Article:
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From Nabokov and Lawrence, Giants of 20th-Century Fiction, New Volumes of Nonfiction

Here is the best passage in “Think, Write, Speak,” one that, were I a tattoo person, I would consider advertising on my forearm:

“In a sense we are all crashing to death from the top story of our birth to the flat stones of the churchyard and wondering with an immortal Alice in Wonderland at the patterns of the passing wall. This capacity to wonder at trifles no matter the imminent peril, these asides of the spirit, these footnotes in the volume of life are the highest forms of consciousness, and it is in this childishly speculative state of mind, so distant from commonsense and its logic, that we know the world to be good.”

It only makes sense that the Lawrence collection, “The Bad Side of Books: Selected Essays,” is the stronger volume. (At $19.95 it’s also the better bargain.) Its editor, Geoff Dyer, has chosen his favorite of Lawrence’s nonfiction, not merely relying on previously unpublished work.

Most of this material was new to me, and I enjoyed this book enormously. His 1925 essay, “Reflections on the Death of a Porcupine” (the animal perished after Lawrence, who disliked guns, shot it), deserves to be more widely anthologized.

His 1921-22 essay, “Memoir of Maurice Magnus,” is perhaps the best portrait of a sponge I have read. Lawrence’s rather grand friend kept asking for money until Lawrence could take it no longer. One ends up admiring this writer’s ability to be cruel, to be a ramrod in print. About his ungrateful friend, who ultimately commits suicide, Lawrence writes: “I could, by giving half my money, have saved his life. I had chosen not to save his life. Now, after a year has gone by, I keep to my choice. I still would not save his life.”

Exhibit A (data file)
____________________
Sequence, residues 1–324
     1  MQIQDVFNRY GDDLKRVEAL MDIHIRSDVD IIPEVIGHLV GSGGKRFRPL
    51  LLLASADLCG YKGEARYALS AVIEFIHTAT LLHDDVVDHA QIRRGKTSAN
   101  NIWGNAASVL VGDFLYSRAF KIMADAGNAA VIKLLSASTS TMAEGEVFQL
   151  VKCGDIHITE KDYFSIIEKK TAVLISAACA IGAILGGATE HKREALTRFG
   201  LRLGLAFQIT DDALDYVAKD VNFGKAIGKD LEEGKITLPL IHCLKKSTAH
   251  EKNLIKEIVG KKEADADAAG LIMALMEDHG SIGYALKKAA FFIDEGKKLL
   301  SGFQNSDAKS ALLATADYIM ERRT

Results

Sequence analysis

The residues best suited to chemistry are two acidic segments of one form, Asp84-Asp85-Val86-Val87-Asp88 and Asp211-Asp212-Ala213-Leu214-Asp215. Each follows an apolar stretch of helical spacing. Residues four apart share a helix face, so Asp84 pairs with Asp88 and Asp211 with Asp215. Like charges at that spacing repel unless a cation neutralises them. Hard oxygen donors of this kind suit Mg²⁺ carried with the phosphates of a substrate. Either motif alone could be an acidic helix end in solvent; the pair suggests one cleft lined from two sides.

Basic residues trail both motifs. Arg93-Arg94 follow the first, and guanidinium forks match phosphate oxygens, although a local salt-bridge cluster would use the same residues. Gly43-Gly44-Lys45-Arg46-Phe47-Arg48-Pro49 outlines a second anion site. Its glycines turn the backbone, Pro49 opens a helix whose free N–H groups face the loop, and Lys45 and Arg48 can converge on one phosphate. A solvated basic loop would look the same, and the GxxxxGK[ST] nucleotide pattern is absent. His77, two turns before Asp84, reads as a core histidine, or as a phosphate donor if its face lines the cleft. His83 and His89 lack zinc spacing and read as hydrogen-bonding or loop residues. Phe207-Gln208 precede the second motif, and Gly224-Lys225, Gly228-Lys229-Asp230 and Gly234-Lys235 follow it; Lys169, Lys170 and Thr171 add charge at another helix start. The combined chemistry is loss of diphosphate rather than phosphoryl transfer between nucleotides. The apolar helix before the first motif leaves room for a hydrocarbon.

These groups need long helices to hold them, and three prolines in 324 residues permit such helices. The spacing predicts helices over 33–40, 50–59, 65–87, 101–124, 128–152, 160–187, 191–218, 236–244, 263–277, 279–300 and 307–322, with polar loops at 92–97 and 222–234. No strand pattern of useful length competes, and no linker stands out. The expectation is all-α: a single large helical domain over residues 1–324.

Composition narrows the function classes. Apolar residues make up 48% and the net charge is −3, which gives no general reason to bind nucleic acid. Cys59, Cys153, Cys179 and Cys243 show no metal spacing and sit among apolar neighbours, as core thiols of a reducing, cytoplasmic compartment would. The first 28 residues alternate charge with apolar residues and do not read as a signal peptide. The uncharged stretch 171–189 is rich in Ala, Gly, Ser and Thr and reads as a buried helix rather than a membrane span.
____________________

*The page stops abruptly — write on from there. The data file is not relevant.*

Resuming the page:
In his 1924 essay “A Letter From Germany,” Lawrence is uncannily prescient about Europe’s shifting temperament. He does not mention Hitler. Yet he writes: “Something has happened. Something has happened which has not yet eventuated. The old spell of the old world has broken, and the old, bristling, savage spirit has set in.”

In “Art and Morality,” an essay from 1925, Lawrence essentially predicts the selfie. Speaking of the new Kodak cameras, he writes: “To every man, to every woman, the universe is just a setting to the absolute little picture of himself, herself.”

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